Tel Megiddo is located near Kibbutz Megiddo in the Ramat Menashe region in Northern Israel, adjacent to the Jezreel Valley. It is one of Israel’s most beautiful and most impressive archaeological sites.

 

As the site has been mentioned 11 times in the Bible, it is proof that there was a human settlement in this area thousands of years ago. The area is full of historical monuments including temples, gates, palaces and an advanced water system. With its strategic position, an abundance of fertile fields and water supply from the Valley, this ancient city was once an important site in the Land of Canaan. In 2005, Tel Megiddo was chosen by the United Nations Educational, Scientific and Cultural Organization (UNESCO) as a World Heritage Site the site has existed since the biblical period and has been preserved with a continuous human settlement for a few thousand years.

 

Tel Megiddo covers an area of 60 dunams which equals to 0.06 square kilometres and is located 60 meters above the plains of the Jezreel Valley. You can appreciate Megiddo’s strategic importance when you visit Tel Megiddo, from which you can see Givat Hamoreh, Mount Tabor, Mount Gilboa and the hills of Nazareth, while the Carmel Mountain Range is in the west. The southern portion of the tell is situated along the contours of the ancient maritime route that passed through the Iron River and which connected Egypt and Syria. If you stand in the southern portion, you can see where the river begins in the Jezreel Valley. Megiddo’s strategic position explains why it became a coveted prize of conquest and why so many battles were fought around the city throughout history.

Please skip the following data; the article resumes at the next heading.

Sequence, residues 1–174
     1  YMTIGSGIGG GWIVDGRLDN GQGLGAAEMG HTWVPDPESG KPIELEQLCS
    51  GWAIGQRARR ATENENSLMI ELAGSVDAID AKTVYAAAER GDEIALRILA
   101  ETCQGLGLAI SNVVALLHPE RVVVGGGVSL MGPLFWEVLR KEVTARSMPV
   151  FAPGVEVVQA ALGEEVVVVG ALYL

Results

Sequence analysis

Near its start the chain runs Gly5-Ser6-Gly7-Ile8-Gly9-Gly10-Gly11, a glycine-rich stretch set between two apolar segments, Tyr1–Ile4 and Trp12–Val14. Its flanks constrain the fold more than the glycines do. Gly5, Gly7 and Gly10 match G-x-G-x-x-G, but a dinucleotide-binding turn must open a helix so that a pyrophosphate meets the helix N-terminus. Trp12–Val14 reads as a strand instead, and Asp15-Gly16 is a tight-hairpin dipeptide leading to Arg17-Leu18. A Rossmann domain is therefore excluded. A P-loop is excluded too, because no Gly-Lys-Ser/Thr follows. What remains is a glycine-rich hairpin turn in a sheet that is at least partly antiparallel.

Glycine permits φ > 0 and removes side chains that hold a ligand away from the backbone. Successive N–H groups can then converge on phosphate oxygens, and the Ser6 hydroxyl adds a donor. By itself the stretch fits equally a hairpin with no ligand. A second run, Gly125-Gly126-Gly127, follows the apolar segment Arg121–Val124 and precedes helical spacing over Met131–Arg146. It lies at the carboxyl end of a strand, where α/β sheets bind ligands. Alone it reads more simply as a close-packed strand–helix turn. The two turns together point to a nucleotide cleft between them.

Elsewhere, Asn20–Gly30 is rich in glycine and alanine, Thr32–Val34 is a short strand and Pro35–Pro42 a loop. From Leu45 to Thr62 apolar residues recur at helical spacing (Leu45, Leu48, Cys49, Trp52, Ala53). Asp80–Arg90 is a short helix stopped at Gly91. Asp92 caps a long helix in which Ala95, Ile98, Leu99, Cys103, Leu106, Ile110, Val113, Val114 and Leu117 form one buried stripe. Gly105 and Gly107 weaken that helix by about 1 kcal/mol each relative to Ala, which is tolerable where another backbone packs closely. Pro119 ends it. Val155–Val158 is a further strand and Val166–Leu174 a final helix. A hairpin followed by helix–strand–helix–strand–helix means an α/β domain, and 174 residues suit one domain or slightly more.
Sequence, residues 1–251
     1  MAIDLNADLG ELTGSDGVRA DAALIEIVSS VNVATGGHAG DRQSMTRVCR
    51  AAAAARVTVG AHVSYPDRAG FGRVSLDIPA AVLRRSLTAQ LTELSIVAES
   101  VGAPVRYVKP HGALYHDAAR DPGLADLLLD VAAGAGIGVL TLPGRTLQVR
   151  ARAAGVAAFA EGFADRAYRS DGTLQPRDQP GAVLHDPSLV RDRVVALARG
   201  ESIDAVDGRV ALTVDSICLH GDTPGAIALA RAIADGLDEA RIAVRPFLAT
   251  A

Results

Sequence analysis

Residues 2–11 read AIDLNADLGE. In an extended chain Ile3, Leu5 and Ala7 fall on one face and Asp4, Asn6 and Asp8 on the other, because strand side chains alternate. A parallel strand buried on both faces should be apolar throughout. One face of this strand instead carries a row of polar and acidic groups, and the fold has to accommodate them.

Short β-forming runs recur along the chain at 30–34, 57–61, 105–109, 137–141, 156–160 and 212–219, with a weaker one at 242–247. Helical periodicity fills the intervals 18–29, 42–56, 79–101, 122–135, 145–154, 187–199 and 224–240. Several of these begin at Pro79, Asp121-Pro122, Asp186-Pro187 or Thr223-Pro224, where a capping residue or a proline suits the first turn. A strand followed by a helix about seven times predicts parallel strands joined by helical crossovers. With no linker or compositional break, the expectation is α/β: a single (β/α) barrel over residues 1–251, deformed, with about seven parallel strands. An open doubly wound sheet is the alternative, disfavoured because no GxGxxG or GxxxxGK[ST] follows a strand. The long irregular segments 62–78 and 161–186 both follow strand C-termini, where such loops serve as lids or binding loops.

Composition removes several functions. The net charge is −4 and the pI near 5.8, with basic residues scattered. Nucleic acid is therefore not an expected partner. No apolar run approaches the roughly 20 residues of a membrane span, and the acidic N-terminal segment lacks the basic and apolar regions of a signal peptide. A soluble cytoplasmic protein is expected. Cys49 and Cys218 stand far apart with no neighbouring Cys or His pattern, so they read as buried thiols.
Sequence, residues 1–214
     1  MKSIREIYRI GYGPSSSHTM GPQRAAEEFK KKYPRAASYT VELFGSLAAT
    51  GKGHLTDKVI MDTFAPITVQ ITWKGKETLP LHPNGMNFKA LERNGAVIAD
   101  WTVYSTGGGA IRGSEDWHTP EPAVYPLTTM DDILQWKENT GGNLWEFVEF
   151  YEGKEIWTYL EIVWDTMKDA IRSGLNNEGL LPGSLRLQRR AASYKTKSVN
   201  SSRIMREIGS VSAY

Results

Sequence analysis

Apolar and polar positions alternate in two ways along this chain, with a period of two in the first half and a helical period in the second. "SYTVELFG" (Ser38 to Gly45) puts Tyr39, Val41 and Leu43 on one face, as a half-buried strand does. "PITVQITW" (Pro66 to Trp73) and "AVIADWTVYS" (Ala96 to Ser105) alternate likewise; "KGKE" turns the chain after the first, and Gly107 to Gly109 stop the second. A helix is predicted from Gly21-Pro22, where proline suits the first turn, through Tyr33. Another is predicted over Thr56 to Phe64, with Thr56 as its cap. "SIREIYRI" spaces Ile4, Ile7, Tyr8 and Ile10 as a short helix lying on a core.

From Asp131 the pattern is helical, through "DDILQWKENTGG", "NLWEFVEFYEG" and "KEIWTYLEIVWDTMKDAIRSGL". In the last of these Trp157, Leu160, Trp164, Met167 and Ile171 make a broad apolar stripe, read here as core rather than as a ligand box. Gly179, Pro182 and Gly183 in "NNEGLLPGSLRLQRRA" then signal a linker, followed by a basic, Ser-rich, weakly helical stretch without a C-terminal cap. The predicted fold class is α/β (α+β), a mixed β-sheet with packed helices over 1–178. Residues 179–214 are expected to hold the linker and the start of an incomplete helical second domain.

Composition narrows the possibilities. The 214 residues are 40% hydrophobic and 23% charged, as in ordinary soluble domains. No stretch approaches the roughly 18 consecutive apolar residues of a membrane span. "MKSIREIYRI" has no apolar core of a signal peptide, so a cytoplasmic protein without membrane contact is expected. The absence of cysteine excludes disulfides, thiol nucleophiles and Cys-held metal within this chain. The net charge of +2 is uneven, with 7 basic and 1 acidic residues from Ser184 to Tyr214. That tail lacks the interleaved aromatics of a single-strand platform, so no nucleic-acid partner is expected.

In various archaeological excavations conducted in the area from 1903 onwards, many finds dating from the 15th century B.C.E. have been unearthed, including a stone floor leading to the city’s gate, an Assyrian residential quarter with six streets and, adjacent to this quarter, an elaborate structure. The structure is the only one of its kind in Israel and because of its similarity to Assyrian palaces, it has been given the name “the Ivory Palace.” The palace has hundreds of decorative ivory ornaments and jewels. Tel Megiddo includes a broad cross-section that gives an impressive picture of the tell’s many layers. The focal element in Tel Megiddo is undoubtedly the water system, the ninth century B.C.E. (during the reign of King Ahab of Israel, which was constructed to supply water to the city without requiring its residents to emerge from behind its walls. The water system is an impressive engineering project for its time: It consists of a vertical shaft that descends to a depth of 25 meters and which connects with a 70-meter horizontal tunnel that reaches a spring located outside the city.

 

Since it is mentioned in the New Testament, Megiddo is a popular site for Christian pilgrims and in 1964, Pope Paul VI paid a visit there. Ancient mosaics linked to Christianity were discovered on this site in 2011. After an assessment, it is believed that these mosaics belonged to one of the most ancient churches in the world. This discovery has turned Tel Megiddo into a crucial site for Christians. Archaeological excavations conducted following the discovery of the mosaics led to the discovery of a rare treasure trove of jewels dating back to the Iron Age. The site has been declared as a National Park and thus there is an admission fee. There are trails that visitors can use to explore the site, as well as a parking lot, drinking water, and public washrooms. It takes about two hours to visit Tel Megiddo, and the site is open all year round. Guided tours can be arranged in advance.